Contract law: useful reminder from the 3rd Civil Chamber
At the dawn of summer, the 3rd Civil Division of the French Supreme Court (Cour de cassation) issued a reminder of an essential principle of contract law that we thought worth mentioning.
Since the publication of Order no. 2016-131 of 10 February 2016, the new article 1225 of the Civil Code provides that “the resolutory clause specifies the undertakings whose non-performance will result in the termination of the contract”.
This new provision was of particular interest to us as practising copywriters.
A strict interpretation by the judge could have led to the “escape clauses” in many contracts being called into question, under which any breach of contract would lead to the termination of the contract.
When questioned, the Law Commission was asked to specify that :
” The text authorises the survival of these so-called “sweeper” clauses. It requires only that the clause express the circumstances in which it will come into play and therefore does not preclude the insertion of a clause specifying that it will come into play in the event of non-performance of any obligation under the contract. The previous case law validating this type of clause is therefore likely to survive”.
In fact, this type of case law continues to exist.
In addition, the regulation of resolutory clauses could have led to fears that, in practice, resolution by notification, currently provided for in article 1226 of the Civil Code, would be ineffective.
In the event that the resolutory clause is triggered, the breach of contract is traditionally, and barring exceptions, subject to a prior formal notice expressly referring to the said clause – in the case of commercial leases, more precisely a summons – which has remained unsuccessful.
In addition to this contractual arrangement, under article 1226 of the Civil Code, the creditor of a non-performed obligation has the option of notifying its defaulting co-contractor of the termination of the contract at its own risk, by way of notice. In this case, too, and except in emergencies, it is up to him to give formal notice to the defaulting debtor to fulfil his obligation within a reasonable period.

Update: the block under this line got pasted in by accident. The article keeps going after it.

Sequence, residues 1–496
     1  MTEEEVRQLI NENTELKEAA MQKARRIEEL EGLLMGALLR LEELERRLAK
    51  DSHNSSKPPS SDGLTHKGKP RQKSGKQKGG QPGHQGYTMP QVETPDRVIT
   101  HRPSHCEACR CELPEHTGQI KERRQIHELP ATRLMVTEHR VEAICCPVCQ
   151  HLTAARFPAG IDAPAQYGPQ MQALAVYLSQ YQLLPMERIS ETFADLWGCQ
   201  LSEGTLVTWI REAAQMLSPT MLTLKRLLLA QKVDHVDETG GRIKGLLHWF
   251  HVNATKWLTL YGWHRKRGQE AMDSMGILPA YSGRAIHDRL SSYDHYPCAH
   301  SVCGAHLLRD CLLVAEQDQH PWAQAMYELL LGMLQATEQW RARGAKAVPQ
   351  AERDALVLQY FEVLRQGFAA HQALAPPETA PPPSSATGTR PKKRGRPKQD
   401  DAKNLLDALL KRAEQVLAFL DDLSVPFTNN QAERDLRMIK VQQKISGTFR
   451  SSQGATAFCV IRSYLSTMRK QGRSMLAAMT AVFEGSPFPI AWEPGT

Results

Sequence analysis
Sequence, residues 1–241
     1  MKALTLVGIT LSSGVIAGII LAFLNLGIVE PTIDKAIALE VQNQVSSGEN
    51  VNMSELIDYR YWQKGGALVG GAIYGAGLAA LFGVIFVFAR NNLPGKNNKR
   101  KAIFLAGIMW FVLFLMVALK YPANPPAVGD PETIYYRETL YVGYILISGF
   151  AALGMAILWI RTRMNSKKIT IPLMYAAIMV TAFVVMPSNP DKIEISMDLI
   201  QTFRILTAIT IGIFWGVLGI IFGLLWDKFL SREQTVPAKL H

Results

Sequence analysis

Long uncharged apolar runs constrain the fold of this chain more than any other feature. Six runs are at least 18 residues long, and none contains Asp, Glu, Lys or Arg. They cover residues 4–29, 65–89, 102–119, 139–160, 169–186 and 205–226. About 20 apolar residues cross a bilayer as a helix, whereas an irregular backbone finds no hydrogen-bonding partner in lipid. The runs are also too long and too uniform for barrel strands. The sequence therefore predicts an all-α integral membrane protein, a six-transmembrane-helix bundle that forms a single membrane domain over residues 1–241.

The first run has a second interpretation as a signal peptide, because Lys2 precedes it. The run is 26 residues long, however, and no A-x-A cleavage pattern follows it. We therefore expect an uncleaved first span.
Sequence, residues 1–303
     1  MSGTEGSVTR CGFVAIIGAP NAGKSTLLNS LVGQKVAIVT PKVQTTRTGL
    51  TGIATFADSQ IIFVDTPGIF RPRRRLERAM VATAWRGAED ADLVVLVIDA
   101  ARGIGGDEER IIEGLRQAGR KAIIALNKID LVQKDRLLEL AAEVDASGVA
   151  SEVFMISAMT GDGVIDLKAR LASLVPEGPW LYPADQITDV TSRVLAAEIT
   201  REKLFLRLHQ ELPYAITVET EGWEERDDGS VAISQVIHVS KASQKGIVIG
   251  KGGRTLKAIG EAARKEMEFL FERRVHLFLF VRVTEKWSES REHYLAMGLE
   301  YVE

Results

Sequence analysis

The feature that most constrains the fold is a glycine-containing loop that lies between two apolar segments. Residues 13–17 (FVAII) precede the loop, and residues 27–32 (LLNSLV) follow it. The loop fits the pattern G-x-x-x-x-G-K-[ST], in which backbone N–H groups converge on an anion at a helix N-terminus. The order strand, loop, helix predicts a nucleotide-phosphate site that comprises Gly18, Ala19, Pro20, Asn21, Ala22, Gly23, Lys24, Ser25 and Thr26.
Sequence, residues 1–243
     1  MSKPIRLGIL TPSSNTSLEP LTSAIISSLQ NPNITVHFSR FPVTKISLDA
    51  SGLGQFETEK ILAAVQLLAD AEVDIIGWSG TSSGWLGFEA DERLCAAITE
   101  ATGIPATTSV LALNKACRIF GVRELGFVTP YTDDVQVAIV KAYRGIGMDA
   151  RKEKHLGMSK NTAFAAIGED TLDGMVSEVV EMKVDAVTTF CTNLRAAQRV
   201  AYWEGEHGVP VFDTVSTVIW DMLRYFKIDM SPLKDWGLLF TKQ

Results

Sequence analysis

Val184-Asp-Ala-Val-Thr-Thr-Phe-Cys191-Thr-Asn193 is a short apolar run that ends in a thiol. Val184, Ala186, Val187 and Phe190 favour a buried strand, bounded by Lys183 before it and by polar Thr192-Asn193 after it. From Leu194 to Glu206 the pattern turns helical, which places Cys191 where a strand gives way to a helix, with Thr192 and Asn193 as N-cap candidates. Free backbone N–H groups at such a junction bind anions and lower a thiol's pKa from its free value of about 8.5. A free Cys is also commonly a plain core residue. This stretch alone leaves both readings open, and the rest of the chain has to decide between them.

In a ruling handed down on 8 June 2023 (Cass. Civ. 3th8 June 2023, no. 22-13.469), the Cour de cassation recalled that the termination clause expressly stipulated in the contract did not deprive the creditor of the unfulfilled obligation of terminating the contract on the grounds of the seriousness of the debtor’s conduct.
This case concerned a private contract for drilling work on a geothermal package, concluded between a company and its subcontractor. The contract expressly provided that ” in the event of a breach by one of the parties of its contractual obligations which remains unremedied within a period of 10 clear days from receipt of the registered letter with acknowledgement of receipt notifying the breach in question, the other party may assert and invoke the termination of the contract by registered letter with acknowledgement of receipt. “.
However, the main contractor had noted delays in performance on the part of its subcontractor.
After unsuccessful formal notice, the company suspended its payments and appointed another company in place of the defaulting subcontractor, which subsequently sued for payment.
The Court of Cassation dismissed the subcontractor’s appeal, holding that the unilateral termination without observance of the 10-day time limit was justified on the following grounds:
- Subcontractor failed to meet performance deadlines
- Delays attributable to the subcontractor
- Difficulties encountered by the subcontractor in the performance of his assignment, but which he had accepted and never called into question during the performance of the contract.
Although the judgment was handed down under previous law, it confirms that the mechanism of rescission for non-performance remains, in any event, an autonomous remedy available to the creditor who is the victim of contractual non-performance in the event of serious non-performance.
This useful reminder from the high court leads us to conclude that the resolutory clause stipulated in the contract may :
- on the one hand, have a very broad subject matter, with stop-gap clauses remaining valid subject to certain reservations; and
- on the other hand, does not prevent the creditor of the unperformed obligation from implementing other means of resolution.
A useful reminder, however, is that termination is carried out at the injured party’s own risk, and that it is still essential to seek assistance in implementing it.
Let’s hear it ….
 Report No 22 (2017-2018) by Mr François PILLET